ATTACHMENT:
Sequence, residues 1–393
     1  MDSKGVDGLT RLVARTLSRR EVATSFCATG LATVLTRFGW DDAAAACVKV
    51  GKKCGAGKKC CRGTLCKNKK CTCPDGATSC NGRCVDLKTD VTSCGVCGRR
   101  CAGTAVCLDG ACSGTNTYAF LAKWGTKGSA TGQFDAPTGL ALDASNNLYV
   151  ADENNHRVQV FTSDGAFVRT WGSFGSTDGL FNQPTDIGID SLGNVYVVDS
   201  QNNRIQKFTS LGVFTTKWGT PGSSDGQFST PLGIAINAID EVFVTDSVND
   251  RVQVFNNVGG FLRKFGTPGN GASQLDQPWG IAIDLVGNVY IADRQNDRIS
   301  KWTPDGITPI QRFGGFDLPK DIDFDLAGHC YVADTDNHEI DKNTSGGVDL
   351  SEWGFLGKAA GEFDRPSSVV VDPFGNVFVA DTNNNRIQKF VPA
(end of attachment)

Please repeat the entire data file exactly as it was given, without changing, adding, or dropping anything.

Sequence, residues 1–393
     1  MDSKGVDGLT RLVARTLSRR EVATSFCATG LATVLTRFGW DDAAAACVKV
    51  GKKCGAGKKC CRGTLCKNKK CTCPDGATSC NGRCVDLKTD VTSCGVCGRR
   101  CAGTAVCLDG ACSGTNTYAF LAKWGTKGSA TGQFDAPTGL ALDASNNLYV
   151  ADENNHRVQV FTSDGAFVRT WGSFGSTDGL FNQPTDIGID SLGNVYVVDS
   201  QNNRIQKFTS LGVFTTKWGT PGSSDGQFST PLGIAINAID EVFVTDSVND
   251  RVQVFNNVGG FLRKFGTPGN GASQLDQPWG IAIDLVGNVY IADRQNDRIS
   301  KWTPDGITPI QRFGGFDLPK DIDFDLAGHC YVADTDNHEI DKNTSGGVDL
   351  SEWGFLGKAA GEFDRPSSVV VDPFGNVFVA DTNNNRIQKF VPA